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Thursday, December 1, 2016

Winter Hydration

Even though it is still officially autumn for a few more weeks, we all know that winter is just around the corner. While most of us pay attention to our water intake during the summer, it is just as important to manage hydration during the cold season as well.

Dry sinuses are one of the reasons colds and flu are more prevalent during the winter than the summer -- humidity levels in the air drop with the cold weather, making our mucus membranes work harder to stay moist, and
bacteria and viruses aren't being trapped in mucus and eliminated from the body. Drinking plenty of water will help replace the moisture lost through sneezing and expectorating phlegm.

Water will also replace moisture lost from exhalation as your body tries to warm and moisten the air before it hits your lungs. That's part of the reason our sinuses are so convoluted; it gives air time to warm up before it reaches our lungs. Breathing through your mouth won't help retain water any better; your lungs are moist and you'll still lose water as you exhale.

Drink Warm Things
Cold weather can also reduce the urge to drink, especially if the only available liquids are cold. Warm (room or body temperature) liquids will help maintain your body's thermostat. Hot liquids are good for boosting morale, since they tend to raise core temperature a bit and help relieve the piercing cold some of us deal with. 

Keeping your canteen or water bladder inside your clothes will prevent it from freezing and keep the water warm at the same time. Metal canteens can also be warmed by placing near a fire, but that doesn't work very well with plastic containers. 

Finally, check your water filters for winter storage requirements. Once a filter is used it will retain some water, and if that water freezes it will likely damage the internal parts of your filter. I keep mine on a cord around my neck and inside my jacket when I carry one during the winter.

Be Careful With What You Drink
Caffeine and alcohol are poor choices in cold weather, since they are both diuretics (they make you urinate more often) and will lead to a net loss of water in the body. Their stimulant and depressant effects are routine, and most people like their routines, but there are a wide variety of teas and infusions (made by steeping leaves in hot water) that are better suited to winter.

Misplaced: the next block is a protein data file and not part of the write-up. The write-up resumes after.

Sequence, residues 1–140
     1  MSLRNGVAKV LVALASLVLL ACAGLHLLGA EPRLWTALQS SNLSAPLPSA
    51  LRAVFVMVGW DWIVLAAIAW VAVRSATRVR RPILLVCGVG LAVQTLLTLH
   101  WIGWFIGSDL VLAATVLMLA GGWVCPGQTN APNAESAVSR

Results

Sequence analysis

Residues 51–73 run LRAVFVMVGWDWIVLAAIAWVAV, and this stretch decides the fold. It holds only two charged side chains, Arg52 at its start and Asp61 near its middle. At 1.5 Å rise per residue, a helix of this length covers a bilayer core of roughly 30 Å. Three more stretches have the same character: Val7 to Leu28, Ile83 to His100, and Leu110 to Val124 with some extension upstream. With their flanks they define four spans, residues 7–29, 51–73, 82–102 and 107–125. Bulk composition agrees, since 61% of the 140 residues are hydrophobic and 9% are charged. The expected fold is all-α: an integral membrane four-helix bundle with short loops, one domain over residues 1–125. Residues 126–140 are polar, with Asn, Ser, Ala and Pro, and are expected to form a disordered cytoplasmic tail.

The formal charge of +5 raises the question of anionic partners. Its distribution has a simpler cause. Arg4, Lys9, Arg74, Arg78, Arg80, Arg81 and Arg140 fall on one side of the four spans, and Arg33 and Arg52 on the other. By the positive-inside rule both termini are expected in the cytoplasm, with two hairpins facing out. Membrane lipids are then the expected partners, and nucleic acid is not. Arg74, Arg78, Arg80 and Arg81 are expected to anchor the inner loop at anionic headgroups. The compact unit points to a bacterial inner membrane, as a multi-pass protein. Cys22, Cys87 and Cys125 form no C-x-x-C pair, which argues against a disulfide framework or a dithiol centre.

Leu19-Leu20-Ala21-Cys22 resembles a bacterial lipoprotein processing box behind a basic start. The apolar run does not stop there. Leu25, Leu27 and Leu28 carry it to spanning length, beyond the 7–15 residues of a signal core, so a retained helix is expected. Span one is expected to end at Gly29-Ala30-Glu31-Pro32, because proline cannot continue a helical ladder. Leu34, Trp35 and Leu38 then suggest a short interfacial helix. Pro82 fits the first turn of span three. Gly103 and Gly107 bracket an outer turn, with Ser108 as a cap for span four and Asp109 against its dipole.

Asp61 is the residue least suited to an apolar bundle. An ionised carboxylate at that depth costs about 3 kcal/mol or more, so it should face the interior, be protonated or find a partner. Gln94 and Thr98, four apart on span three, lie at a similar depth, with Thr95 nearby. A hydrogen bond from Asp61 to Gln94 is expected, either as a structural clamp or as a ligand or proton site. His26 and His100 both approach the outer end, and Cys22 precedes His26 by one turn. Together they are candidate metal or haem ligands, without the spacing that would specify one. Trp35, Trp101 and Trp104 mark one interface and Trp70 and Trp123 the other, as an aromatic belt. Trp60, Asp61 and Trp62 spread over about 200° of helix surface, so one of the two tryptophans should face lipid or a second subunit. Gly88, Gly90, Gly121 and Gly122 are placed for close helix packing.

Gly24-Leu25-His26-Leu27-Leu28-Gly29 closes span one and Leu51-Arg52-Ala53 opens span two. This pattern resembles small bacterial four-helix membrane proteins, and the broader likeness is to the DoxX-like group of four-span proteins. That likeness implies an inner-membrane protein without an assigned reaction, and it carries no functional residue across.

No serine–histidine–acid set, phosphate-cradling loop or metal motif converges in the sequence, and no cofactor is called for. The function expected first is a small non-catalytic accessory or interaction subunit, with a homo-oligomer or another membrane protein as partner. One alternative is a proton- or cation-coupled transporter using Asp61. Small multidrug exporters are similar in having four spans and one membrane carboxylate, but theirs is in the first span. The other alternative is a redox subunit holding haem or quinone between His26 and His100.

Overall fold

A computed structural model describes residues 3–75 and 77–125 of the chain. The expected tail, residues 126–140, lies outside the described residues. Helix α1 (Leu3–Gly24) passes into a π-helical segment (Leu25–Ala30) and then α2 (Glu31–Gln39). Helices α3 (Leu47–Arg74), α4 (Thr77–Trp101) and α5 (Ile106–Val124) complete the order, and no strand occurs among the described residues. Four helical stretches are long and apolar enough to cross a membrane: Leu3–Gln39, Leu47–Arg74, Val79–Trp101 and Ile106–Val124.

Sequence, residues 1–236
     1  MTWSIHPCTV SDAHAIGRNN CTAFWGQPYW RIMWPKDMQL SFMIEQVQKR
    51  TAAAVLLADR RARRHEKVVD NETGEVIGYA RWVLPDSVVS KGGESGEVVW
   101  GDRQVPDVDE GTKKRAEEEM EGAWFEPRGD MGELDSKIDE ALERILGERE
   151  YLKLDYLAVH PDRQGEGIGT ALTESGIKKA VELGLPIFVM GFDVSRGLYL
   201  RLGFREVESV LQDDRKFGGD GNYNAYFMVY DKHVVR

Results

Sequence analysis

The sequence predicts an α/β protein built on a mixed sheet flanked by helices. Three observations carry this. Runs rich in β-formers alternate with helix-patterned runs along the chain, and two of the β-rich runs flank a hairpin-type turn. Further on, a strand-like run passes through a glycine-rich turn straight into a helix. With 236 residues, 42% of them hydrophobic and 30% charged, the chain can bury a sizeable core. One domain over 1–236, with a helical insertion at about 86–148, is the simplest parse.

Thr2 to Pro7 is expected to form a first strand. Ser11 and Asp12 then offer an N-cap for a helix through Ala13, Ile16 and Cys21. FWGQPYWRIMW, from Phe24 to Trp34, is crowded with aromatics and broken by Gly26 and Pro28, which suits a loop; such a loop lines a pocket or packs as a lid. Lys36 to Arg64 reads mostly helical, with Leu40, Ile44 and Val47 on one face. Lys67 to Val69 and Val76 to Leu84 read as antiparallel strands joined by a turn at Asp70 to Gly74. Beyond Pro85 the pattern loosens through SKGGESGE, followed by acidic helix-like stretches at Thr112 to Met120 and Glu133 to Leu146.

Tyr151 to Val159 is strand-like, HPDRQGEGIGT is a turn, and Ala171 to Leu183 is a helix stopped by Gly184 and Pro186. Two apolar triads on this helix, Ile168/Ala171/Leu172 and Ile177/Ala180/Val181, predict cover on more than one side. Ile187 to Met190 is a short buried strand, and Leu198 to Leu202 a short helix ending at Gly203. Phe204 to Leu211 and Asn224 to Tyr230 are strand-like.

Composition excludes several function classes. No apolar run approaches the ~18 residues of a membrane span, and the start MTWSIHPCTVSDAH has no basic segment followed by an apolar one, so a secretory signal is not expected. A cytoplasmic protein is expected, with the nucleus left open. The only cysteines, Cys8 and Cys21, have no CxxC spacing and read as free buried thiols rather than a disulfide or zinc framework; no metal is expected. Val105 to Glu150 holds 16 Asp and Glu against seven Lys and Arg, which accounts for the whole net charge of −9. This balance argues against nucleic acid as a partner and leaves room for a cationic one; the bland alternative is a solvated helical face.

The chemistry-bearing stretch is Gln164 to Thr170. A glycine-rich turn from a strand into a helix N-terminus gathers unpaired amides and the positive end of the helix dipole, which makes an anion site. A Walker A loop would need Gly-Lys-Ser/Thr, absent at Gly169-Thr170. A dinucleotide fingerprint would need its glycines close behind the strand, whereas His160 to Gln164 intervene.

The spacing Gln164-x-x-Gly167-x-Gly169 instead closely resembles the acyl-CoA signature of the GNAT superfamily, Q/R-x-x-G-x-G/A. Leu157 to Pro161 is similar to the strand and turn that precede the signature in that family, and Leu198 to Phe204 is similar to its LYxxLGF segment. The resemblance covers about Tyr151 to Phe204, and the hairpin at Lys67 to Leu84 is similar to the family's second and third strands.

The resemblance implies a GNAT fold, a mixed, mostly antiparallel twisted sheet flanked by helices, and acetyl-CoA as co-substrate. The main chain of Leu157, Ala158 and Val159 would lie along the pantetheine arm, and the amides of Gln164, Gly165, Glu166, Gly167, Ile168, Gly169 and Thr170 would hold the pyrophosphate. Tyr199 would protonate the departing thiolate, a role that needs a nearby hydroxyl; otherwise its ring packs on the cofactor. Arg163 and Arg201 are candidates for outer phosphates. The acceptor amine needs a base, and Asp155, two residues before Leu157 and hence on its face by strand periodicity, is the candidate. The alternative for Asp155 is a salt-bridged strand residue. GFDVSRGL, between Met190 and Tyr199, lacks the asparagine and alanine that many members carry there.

My personal favorite is rose hip tea. Wild roses are our state flower, and they grow like weeds. The “fruit” of a rose is a small berry that appears under the blossom and is known as a rose “hip”. Split it open and scrape out the seeds, then soak the hips in hot water for a while; the tea has a decent flavor and is high in Vitamin C, which I consider a bonus.

Look around your area and ask some of the more “back to basics” types about a good, local substitute for commercial teas and coffee.

Don't Eat Snow
Melt it and drink the water so your body doesn't have to waste the calories to do the melting once it is inside you. Munching on a snow-cone during the summer is a great way to col off, so why would you want to cool off if you're surrounded by snow? If someone asks I'll explain the physics involved, but just melting ice takes a lot of energy compared to warming the resulting water.

How Much Should You Drink?
Just like in the summer, you need to be taking more water in than you are losing through evaporation (sweating and breathing). Also like in summer, you can monitor your hydration level by observing the color of your urine. I covered the color spectrum of urine in a post about rehydration a while back; it's actually a little easier to check if you have snow on the ground.

When I was in the Army, NCO's (sergeant and above) were taught that the best way to oversee your troops' hydration level in the winter while in the field was to establish a “pee tree”: all of the guys urinated against one tree, so the sergeant could tell by a glance at the snow if any of his troops needed to be reminded to drink more often. Ladies, you'll have to come up with something similar on your own; w didn't have many females in my unit, and damn few of them went to the field with us.


You may not need a gallon a day, but you still need to drink water all winter long. Watch yourself and your tribe to make sure everyone is getting enough water to stay healthy. 

The Fine Print


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